“This movement is different,” Day says. “You have to get involved and go to the events to realize it.”

“The most important thing to take away is to educate yourself on the real Black America. Not the media version, the stereotype,” Brown says. “That’s especially important in the small towns who maybe have one Black person.”

After attending a prayer vigil for Ahmaud Arbery in Springfield, Day hosted a discussion with Education and Action Together in her hometown on June 11.

“We need to listen,” Day says. “That’s the biggest lesson I’ve learned—we have so much that we grew up thinking that’s not necessarily right. To be a part of this conversation and to be a part of this change, you have to work against some of what you’ve grown up ‘knowing.’ ”

Day later attended another Education and Action Together event in Pawnee, Illinois, on June 13, which was organized as a community question-and-answer session. (Discussions are more friendly to older participants than marches, Workman notes.) 

At the event, Day asked, “What is one thing people say when they want to help, but it is actually offensive?” 

The first reply from the organizers was that people often say, “I don’t see color.”

“We want you to see color, and accept us as we are,” Workman says. “I want people to talk to each other and understand that we are not a threat.”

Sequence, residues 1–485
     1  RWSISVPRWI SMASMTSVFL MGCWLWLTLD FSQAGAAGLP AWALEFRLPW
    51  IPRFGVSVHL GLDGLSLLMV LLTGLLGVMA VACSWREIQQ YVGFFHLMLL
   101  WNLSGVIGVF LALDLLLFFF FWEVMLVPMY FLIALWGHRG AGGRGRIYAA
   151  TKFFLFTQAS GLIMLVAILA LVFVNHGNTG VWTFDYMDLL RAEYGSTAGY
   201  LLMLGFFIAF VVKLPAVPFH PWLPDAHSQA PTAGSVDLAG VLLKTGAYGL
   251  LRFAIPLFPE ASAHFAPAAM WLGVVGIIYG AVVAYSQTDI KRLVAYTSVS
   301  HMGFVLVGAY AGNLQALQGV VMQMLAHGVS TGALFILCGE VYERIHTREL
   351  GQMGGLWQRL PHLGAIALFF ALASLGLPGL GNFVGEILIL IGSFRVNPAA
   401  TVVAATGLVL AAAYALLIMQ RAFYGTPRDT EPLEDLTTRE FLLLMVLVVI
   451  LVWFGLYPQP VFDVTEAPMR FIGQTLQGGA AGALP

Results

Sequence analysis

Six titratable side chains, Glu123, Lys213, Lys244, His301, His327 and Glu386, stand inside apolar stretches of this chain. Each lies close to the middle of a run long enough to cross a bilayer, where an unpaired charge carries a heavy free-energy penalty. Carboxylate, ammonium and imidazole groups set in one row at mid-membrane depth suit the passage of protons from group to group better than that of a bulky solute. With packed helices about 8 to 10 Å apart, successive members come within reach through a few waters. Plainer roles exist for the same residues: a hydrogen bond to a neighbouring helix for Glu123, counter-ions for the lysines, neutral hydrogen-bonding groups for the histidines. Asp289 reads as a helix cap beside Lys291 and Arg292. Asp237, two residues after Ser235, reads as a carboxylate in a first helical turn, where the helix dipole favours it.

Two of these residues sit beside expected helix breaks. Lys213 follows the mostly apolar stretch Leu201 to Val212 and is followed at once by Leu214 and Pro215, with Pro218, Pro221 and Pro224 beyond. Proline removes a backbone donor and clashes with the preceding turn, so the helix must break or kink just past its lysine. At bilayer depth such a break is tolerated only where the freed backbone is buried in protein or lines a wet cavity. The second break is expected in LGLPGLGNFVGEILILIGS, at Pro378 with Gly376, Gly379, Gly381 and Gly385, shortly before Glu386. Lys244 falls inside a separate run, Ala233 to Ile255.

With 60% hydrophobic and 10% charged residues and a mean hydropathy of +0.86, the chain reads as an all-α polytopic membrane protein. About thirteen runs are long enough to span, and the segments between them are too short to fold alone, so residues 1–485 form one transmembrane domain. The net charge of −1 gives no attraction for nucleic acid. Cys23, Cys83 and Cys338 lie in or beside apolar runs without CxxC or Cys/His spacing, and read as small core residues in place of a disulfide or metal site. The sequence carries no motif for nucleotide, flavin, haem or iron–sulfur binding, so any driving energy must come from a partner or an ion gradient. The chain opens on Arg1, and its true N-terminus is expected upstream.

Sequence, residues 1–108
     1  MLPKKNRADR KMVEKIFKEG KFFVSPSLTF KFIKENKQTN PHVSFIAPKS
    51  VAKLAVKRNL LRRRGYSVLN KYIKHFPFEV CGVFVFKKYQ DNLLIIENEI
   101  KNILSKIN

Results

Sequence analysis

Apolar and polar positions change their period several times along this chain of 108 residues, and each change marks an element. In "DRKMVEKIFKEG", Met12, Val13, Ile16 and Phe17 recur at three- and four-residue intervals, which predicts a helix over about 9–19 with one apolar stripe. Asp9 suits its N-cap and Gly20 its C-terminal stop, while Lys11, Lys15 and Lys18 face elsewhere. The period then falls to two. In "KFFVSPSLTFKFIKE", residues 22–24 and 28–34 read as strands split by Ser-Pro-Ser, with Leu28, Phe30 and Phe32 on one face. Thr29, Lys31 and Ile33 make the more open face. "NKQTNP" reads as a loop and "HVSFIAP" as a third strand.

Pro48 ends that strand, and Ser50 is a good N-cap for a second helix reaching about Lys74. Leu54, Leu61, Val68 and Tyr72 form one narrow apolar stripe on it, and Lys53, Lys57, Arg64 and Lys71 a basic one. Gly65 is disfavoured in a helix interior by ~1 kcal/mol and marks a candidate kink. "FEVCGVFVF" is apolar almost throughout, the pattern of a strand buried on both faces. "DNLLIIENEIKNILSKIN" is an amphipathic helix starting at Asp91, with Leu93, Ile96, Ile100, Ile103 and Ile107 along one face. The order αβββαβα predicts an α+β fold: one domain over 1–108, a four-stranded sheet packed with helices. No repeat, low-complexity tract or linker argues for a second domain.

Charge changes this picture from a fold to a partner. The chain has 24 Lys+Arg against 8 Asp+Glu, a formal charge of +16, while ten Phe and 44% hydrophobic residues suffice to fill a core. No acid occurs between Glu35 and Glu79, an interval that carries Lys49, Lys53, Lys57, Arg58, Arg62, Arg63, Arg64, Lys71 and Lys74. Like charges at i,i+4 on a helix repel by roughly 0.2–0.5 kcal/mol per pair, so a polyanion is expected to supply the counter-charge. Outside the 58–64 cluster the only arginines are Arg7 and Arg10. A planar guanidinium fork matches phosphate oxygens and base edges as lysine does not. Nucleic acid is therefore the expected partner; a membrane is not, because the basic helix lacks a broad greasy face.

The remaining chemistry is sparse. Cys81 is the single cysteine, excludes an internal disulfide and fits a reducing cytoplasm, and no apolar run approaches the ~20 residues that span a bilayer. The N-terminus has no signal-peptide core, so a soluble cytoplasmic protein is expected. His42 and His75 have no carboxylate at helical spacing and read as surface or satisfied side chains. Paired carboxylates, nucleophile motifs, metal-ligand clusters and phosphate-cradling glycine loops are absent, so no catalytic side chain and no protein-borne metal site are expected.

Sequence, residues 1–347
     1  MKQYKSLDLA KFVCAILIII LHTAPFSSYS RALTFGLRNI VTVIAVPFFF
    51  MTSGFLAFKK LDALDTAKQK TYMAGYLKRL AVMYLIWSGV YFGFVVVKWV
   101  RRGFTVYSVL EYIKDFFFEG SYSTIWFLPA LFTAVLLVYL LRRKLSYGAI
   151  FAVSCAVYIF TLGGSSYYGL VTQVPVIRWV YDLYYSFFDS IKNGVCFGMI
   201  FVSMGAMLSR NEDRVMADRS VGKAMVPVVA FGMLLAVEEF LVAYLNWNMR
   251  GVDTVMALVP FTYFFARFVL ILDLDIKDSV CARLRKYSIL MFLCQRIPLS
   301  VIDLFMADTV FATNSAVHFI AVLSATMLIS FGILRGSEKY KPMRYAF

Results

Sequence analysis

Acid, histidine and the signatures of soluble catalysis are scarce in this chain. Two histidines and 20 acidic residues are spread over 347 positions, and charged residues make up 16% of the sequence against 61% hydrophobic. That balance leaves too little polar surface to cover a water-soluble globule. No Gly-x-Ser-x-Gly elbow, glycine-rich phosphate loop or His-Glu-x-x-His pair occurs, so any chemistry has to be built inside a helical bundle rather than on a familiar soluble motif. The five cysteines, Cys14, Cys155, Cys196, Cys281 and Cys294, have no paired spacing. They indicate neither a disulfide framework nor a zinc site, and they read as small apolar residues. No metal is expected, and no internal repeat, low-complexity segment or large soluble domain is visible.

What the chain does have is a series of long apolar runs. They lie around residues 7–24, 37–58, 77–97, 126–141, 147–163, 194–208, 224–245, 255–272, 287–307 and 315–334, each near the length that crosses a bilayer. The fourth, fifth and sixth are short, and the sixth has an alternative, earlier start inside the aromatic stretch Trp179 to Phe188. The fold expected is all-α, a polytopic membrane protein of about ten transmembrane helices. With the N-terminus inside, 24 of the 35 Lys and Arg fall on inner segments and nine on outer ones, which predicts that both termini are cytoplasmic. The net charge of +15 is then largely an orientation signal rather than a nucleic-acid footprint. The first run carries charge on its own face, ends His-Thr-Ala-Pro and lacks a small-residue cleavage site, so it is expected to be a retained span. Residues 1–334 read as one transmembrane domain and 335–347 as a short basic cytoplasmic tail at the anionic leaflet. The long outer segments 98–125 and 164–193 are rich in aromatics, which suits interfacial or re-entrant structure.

During the discussion in Pawnee, Denitta Brown, a member of Education and Action Together, shared some of her experiences as a Black woman in America. 

“The most important thing to take away is to educate yourself on the real Black America. Not the media version, the stereotype,” Brown says. “That’s especially important in the small towns who maybe have one Black person.”

Brown and one of the attendees, Kelsie Bentley, talked about how churches in the area are segregated. Brown and Bentley decided to go to services at each other’s churches.

“We have to get out of our comfort zones,” Brown says. 

The organizers at Education and Action Together plan to host more discussions, in an even wider swath of towns, but they also have a long list of other action items. 

They’re petitioning police departments to stop hiring police officers with records of misconduct and excessive force, starting new programs to mentor youth in underserved areas, and hosting voter drives. Several members have completed a course that covers how to interact with police officers, and the group plans to offer the training to others. And at least two members of Education and Action Together have plans to run for state office.

“It’s a success of a rebellion when young people realize they can speak for themselves and realize their own powers with others in protest,” says Professor Gilman-Opalsky. “Regardless of the difference with policing, this is a real and lasting success of the uprising.”